A local joke says miners who married farmers' daughters are now the happiest of the lot - they can go home and grow vegetables. According to accounts by residents, thousands of workers massed at the mine headquarters Feb. 27, demanding to see officials. But they did not appear. The mayor showed up, but his speech only infuriated the crowd, which then blocked the gate leading into the headquarters. Workers began overturning cars and setting them on fire.


One of the workers' main complaints was that parts of the mine were transferred to people believed to be friends and relatives of local power brokers. During a visit to the mine Tuesday, workers near the facility said part of the mine is still functioning but is now owned by private individuals who either bought or were given claims to the mine.


"This process was totally opaque," said He Binghan, a 42-year-old driver who still works in one of the pits. "We miners have been working here for China, for the Communist Party, since the revolution. And now suddenly my part of the mine is private. And no one told me how."


Police responded from Huludao and Jinzhou, two small cities about 50 kilometers away on the coast of the Bohai Sea. But protesters surrounded their cars and trucks as well, according to local accounts. Troops from the People's Armed Police were bussed to the scene and fired tear gas at the crowd. As the protests continued, government officials expressed concern that the miners would begin to set off the mines' dynamite stock to fend off the authorities.


But two days later, Feb. 29, the People's Liberation Army rolled into Yangjiazhangzi, fired shots above the crowd and restored order. There were injuries on both sides, but no deaths were reported.


Workers said 20 to 30 miners have been arrested on charges of destroying public property. A poster written by the local Public Security Bureau has been plastered on walls throughout the town, warning residents against spreading rumors, overturning cars, stoning government buildings and torching oil tankers. Officials were unavailable for comment.


The town was placed under a loose curfew, with People's Armed Police standing guard around government offices and the mine. The curfew was lifted at the end of March, residents said, but scores of police vehicles cruised the two main streets Tuesday.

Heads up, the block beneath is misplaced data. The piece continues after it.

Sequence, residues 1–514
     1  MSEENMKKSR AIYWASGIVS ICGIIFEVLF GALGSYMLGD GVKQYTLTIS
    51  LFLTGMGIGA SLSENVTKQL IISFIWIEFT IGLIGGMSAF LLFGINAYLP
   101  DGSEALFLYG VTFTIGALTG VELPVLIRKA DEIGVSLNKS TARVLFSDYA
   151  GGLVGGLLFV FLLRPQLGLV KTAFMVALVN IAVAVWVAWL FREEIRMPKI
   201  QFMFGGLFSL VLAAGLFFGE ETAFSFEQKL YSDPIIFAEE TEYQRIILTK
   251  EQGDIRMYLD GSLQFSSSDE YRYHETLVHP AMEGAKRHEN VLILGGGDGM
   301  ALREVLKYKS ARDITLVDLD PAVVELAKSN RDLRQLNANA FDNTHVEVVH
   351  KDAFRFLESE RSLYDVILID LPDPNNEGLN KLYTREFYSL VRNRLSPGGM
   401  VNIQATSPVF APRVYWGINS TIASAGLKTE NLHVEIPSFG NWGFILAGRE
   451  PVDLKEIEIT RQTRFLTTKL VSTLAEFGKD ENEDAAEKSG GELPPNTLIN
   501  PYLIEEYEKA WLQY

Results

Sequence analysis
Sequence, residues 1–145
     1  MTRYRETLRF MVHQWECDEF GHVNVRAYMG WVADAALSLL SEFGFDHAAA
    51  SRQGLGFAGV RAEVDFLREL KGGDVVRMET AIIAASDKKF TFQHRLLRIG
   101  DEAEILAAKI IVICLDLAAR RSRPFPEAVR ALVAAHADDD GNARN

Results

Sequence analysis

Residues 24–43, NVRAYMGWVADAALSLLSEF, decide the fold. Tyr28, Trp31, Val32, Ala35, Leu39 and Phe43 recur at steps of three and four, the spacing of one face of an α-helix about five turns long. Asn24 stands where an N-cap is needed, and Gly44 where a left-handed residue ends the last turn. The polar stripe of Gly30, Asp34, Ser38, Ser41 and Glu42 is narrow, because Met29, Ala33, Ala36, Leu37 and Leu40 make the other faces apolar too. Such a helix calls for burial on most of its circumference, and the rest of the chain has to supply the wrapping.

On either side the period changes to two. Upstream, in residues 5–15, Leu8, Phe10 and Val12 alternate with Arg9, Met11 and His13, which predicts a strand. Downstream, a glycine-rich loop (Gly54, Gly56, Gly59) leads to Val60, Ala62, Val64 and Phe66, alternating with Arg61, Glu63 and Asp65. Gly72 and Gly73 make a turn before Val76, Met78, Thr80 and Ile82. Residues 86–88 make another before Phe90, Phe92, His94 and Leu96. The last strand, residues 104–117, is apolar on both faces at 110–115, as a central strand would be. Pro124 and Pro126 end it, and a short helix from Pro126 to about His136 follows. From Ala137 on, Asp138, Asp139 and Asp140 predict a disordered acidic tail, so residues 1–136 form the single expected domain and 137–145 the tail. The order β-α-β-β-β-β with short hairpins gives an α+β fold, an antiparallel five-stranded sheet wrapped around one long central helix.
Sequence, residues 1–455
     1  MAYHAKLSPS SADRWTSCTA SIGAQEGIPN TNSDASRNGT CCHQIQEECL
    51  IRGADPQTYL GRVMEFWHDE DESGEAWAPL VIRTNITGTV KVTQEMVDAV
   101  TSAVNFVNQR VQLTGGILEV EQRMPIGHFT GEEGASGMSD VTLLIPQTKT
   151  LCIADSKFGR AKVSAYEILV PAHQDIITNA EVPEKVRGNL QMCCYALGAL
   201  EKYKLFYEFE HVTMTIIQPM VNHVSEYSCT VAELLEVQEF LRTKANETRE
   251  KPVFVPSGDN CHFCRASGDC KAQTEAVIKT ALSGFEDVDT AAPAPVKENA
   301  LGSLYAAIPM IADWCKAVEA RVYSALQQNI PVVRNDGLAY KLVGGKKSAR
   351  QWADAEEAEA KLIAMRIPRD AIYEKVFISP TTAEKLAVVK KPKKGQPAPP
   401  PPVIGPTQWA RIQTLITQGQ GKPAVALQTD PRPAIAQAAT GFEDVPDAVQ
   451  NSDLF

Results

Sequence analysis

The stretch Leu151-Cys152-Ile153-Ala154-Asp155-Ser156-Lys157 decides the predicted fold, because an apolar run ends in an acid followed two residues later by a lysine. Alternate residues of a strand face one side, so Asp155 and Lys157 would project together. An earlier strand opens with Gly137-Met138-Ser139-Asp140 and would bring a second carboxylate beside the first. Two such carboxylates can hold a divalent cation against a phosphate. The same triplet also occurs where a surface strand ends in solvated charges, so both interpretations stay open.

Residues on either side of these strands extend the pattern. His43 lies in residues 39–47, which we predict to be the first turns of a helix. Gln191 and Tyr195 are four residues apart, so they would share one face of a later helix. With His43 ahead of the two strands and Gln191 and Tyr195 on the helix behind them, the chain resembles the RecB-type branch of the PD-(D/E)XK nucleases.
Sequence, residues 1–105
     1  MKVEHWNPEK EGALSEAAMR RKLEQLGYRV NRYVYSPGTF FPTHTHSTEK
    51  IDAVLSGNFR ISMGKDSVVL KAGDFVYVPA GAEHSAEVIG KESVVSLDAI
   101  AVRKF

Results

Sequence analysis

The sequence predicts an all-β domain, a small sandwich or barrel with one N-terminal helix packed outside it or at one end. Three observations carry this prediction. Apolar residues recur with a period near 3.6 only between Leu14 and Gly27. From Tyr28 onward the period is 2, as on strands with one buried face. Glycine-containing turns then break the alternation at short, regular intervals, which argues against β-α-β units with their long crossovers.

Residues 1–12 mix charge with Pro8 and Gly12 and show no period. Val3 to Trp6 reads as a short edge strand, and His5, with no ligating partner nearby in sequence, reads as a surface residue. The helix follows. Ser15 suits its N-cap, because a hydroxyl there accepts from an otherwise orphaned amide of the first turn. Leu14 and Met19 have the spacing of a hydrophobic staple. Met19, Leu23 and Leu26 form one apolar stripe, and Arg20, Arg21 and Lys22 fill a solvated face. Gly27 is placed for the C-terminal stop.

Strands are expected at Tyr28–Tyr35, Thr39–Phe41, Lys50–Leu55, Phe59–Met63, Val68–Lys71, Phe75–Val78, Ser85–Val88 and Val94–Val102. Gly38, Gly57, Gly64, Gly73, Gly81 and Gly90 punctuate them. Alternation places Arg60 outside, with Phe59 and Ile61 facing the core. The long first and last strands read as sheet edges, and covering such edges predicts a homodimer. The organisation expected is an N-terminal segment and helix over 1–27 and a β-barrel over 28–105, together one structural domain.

The riot in Yangjiazhangzi was severe for a disturbance in a Chinese city but was indicative of unrest bedeviling the Communist Party. Sit-ins and other demonstrations are routine in bigger cities these days, sparked by the wrenching reforms of the state-owned sector. The demonstrations are almost always about economic issues and rarely suppressed by force.


In the countryside, however, authorities appear more willing to order security services to smash protests and fire on demonstrators. Those protests are generally sparked because local authorities have attempted to force farmers to pay randomly imposed fees.


Labor Minister Zhang Zuoji said last month that there will be 11.5 million workers without jobs at the end of the year as thousands of steel mills, mines, cement plants and machine-tool factories close as part of the reforms. Zhang also acknowledged unrest, noting that 500,000 to 600,000 retired workers did not receive pensions on time last year and 600,000 to 700,000 laid-off workers didn't receive unemployment insurance.


Those figures are thought to vastly underestimate the seriousness of the problem; the World Bank estimates that of the 140 million workers in China's state-owned sector, as many as 35 percent could be fired.